Lately, there has been a lot of discussion about the future of the computer. There are people discussing how popular netbooks were during the holiday season. The CEO of RIM says the BlackBerry Storm is a netbook, “just smaller”. There are tons of people speculating about apple’s plans for netbooks, tablets, and/or iPhones with slide out keyboards. And many say the market in general is ready for tablets as a new form factor.
What all these things have in common is that people are starting to see the inevitable convergence between laptops and smartphones. The Wall Street Journal published a great story about this trend a couple of months ago. State of the art smartphones are more powerful than some laptops that were sold only ten years ago, and at the same time more and more of the heavy lifting in computing is happening in the cloud. So why would anyone want to carry around a laptop when you could fit a sufficient amount of computing power and data storage in your pocket?
But all of these discussions of which form factor will win are really missing the point: the real questions are:
- What kinds of work are people doing on smartphones today that they used to do on laptops?
- What kinds of work do people still rely on laptops for?
- Could a tablet or a smartphone replace a laptop for such work?
Let’s look at the first question. Here’s a handy chart of the things many people do using smartphones or tablets today, most of which were formerly done only on laptops/netbooks. I give smartphones an edge in Communications and Maps and Directions because of the built in voice and GPS capabilities that aren’t nearly as ubiquitous on other devices.
As you can see, smartphones do a lot of things really well. But for me, the most striking aspect of all these tasks is that they are primarily oriented to looking up and consuming existing information. The only exceptions are geared towards short-form communication: typing in SMS messages, tweets, and short emails.
So now let’s look at the things that people still use laptops and netbooks for, and how well the smartphone and tablet do on those tasks today:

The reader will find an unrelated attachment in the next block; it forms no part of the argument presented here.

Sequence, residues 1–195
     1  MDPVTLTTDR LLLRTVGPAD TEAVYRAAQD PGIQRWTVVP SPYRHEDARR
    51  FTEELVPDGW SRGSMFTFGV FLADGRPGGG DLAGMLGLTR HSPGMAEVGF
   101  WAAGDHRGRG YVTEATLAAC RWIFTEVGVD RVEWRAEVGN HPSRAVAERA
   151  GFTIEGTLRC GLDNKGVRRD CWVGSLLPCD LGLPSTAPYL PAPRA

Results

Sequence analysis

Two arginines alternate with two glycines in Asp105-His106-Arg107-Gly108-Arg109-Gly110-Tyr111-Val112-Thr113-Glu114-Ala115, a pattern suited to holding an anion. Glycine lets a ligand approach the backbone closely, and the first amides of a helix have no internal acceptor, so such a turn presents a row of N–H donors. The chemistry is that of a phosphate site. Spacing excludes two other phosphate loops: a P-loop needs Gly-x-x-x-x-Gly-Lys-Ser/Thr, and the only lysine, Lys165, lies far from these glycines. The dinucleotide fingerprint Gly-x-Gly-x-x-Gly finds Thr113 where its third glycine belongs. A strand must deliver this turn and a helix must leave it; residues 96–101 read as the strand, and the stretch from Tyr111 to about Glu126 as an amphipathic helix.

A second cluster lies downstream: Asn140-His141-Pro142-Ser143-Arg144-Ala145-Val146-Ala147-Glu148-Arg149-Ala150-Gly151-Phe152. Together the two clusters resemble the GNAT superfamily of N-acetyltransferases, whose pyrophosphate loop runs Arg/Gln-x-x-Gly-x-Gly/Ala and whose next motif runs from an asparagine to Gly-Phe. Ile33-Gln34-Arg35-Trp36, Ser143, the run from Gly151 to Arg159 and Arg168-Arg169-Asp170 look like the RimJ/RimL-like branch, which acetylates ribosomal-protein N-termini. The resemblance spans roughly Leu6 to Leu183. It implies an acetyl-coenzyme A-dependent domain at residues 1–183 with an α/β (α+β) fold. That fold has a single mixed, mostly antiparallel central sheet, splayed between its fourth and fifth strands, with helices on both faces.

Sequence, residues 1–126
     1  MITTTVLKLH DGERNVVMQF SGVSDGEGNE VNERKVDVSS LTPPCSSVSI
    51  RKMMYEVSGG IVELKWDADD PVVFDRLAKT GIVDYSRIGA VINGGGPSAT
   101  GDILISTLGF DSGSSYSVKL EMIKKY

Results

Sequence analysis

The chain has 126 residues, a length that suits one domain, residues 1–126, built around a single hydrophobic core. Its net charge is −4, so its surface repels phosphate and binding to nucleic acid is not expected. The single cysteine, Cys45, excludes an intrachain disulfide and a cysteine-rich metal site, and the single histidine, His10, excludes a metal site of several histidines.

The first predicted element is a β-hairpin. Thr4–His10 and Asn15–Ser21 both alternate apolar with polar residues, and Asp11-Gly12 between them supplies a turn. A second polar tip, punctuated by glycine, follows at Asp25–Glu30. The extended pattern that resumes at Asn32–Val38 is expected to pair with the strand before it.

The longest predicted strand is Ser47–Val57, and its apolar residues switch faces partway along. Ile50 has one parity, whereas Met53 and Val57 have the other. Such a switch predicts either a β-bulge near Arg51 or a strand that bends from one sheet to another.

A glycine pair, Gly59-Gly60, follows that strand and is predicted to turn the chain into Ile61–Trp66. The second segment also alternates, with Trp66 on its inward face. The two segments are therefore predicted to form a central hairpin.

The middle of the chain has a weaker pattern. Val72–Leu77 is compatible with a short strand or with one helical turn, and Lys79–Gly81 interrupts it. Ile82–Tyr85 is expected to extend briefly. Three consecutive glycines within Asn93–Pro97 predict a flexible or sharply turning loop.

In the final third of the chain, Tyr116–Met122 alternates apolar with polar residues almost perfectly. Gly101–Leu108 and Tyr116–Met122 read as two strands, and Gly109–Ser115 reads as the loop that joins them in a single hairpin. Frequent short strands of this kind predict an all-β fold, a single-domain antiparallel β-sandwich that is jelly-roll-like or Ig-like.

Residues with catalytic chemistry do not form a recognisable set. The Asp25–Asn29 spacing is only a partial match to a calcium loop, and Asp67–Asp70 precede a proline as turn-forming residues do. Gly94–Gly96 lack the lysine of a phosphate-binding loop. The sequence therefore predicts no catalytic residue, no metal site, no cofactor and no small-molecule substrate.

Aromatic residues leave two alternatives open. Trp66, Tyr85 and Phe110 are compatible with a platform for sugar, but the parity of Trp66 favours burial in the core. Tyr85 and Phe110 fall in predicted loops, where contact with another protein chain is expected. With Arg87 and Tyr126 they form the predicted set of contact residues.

Clearly, this is a different kettle of fish. All of these tasks involve the creation of content, and these smaller form factor devices aren’t very good at any of these tasks.
And that brings us to the third and most important question, which I’ll now rephrase slightly: could a tablet or smartphone ever be a viable device for the creation of content and not just its consumption?
The answer, of course, is a big fat maybe. The biggest limits on the use of such devices for content creation are physical human limits:
- Most people can’t enter text as quickly on touchscreens or on the mini-keyboard of a typical smartphone.
- The screens on all smartphones are too small to show a lot of information onscreen simultaneously at a size that most people can read. Tablets are better, but even a 7 or 8 inch screen is too small for many content creation tasks.
So what can be done to make this better? We need better input and output devices for these small form-factor devices. You can already buy bluetooth keyboards, and mice wouldn’t be hard. Ironically, Palm’s much ridiculed Foleo was actually a step in the right direction, but it focused on emails instead of helping make your smartphone creation experience better. But wouldn’t it be cool if you could hook up your smartphone or tablet to a large display when you got to your office and when you got home? I’d buy two! Even better would be if it could be done wirelessly – imagine working with smartphone or tablet using your HDTV at home as the display. The possibilities are enormous, and inevitable. To my mind, making these small devices work for content creation is one of the key issues remaining to be solved in the mobile space.
Disclaimer: as always, these opinions are my own and do not necessarily reflect the opinion of my employer.